She paused. That sounded really weird when she typed it out that way. And just like that, her intention to simply ask for more information turned into:

I wondered if you could share any more details with me. I have a friend who is very interested in the scavenger hunt, and I just want to make sure it’s not connected. I don’t want her to be in danger, you know?


She paused again, unsure how to sign her name. She had to call herself something or the blogger would probably file her as spam. She was pretty sure Brent would freak out and move her to Canada if she used her real name or any other alias she’d ever used.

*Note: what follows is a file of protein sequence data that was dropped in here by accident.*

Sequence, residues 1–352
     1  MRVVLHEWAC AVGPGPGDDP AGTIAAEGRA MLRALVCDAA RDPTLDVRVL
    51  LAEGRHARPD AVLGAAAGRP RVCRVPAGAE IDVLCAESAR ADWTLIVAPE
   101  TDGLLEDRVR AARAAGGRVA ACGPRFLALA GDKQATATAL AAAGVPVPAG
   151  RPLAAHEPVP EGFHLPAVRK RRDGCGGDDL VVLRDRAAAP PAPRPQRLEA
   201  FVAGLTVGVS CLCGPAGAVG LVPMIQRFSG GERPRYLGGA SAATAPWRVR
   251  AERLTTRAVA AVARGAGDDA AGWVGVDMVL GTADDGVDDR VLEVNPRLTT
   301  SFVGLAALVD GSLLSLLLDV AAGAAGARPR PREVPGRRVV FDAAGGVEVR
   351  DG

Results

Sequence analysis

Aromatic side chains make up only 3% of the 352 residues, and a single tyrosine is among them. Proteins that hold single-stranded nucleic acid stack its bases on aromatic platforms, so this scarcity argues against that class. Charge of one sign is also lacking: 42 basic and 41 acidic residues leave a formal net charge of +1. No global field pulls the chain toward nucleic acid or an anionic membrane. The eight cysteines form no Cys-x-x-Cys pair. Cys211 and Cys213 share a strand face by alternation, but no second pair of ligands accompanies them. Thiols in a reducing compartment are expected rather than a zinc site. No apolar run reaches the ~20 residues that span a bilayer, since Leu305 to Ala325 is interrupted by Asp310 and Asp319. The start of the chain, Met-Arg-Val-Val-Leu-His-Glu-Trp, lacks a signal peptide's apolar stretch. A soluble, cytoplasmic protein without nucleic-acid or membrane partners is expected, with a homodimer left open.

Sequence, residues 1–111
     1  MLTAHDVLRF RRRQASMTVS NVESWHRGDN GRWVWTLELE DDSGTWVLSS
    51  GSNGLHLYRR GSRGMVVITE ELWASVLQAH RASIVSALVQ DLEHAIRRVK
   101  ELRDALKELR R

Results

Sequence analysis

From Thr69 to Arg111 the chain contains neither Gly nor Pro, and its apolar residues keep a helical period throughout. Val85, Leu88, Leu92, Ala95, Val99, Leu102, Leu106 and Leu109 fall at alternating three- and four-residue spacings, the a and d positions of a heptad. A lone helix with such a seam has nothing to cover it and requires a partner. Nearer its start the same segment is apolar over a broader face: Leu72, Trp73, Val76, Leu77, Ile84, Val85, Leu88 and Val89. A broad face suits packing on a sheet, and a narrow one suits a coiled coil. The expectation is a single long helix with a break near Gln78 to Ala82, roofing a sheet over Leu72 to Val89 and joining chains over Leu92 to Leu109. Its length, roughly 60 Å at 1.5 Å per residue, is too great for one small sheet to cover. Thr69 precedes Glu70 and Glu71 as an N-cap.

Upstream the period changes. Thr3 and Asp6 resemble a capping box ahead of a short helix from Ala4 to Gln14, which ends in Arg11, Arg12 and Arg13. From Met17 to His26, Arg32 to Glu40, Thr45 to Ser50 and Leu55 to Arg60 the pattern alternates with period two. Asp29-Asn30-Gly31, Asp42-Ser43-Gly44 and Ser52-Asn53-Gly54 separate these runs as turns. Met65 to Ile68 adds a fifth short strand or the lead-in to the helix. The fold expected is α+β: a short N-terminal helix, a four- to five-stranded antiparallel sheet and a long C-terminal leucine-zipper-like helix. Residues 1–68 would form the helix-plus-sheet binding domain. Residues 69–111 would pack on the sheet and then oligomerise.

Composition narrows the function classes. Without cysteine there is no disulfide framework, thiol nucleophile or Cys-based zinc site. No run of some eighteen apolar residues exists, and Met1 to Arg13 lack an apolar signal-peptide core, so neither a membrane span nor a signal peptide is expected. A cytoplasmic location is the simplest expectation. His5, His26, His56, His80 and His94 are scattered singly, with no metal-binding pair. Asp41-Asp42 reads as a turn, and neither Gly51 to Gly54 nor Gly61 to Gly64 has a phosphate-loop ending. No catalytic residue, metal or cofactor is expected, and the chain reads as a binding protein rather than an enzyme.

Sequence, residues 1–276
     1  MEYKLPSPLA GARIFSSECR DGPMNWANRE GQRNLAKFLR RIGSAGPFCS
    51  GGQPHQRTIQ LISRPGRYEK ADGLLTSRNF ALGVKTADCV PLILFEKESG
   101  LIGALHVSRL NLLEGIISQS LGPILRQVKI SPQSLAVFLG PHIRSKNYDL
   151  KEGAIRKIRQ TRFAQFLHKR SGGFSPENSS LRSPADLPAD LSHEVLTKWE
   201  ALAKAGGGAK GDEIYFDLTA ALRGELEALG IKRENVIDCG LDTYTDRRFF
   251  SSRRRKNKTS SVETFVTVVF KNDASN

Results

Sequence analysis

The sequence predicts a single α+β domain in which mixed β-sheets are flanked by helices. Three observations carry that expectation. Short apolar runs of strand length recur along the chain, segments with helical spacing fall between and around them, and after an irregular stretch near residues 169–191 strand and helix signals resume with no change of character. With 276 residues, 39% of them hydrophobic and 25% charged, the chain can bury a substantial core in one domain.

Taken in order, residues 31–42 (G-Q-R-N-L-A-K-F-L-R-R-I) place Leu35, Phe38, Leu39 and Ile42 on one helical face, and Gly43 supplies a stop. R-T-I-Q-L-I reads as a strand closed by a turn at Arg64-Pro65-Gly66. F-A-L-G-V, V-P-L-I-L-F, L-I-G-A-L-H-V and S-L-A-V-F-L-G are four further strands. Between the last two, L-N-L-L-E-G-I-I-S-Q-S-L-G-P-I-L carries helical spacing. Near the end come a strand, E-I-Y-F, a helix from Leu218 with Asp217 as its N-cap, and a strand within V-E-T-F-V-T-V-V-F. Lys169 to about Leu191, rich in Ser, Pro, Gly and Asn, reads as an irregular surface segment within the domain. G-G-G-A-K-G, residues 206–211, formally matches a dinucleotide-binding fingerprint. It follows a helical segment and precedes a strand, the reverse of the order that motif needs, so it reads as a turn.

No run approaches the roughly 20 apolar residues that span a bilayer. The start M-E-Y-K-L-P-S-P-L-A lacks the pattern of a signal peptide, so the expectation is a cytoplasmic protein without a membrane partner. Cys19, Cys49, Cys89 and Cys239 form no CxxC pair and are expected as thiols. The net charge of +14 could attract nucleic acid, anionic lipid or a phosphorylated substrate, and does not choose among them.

I’m sure my cousin wouldn’t mind me borrowing her name.

She signed the email as “Beth” and hit send before she could talk herself out of it.

A while later, her phone rang, and she answered quickly when she saw Izzy’s name on the screen. “Hi! What’s up?”

“Okay, we’re in business,” Izzy said, sounding a little distracted. “And… submit!” she murmured under her breath.

“You fixed your computer?”

“No, not yet unfortunately. Mr. Washington saw me grousing at it as soon as class ended, and he asked what was up. I told him I needed to submit my paper for his class, but my computer was completely wigging out. He said I could do it on his laptop in a new browser instance while he tidied up his papers a bit.”

“Oh, that’s great! And the link?” Emily asked excitedly.

“I asked if I could look up one other thing too, and he said ‘go for it’. I just finished submitting my paper, so I thought I’d call and give you a play-by-play of checking out the link.”

“I wish we could video call!” Emily said ruefully.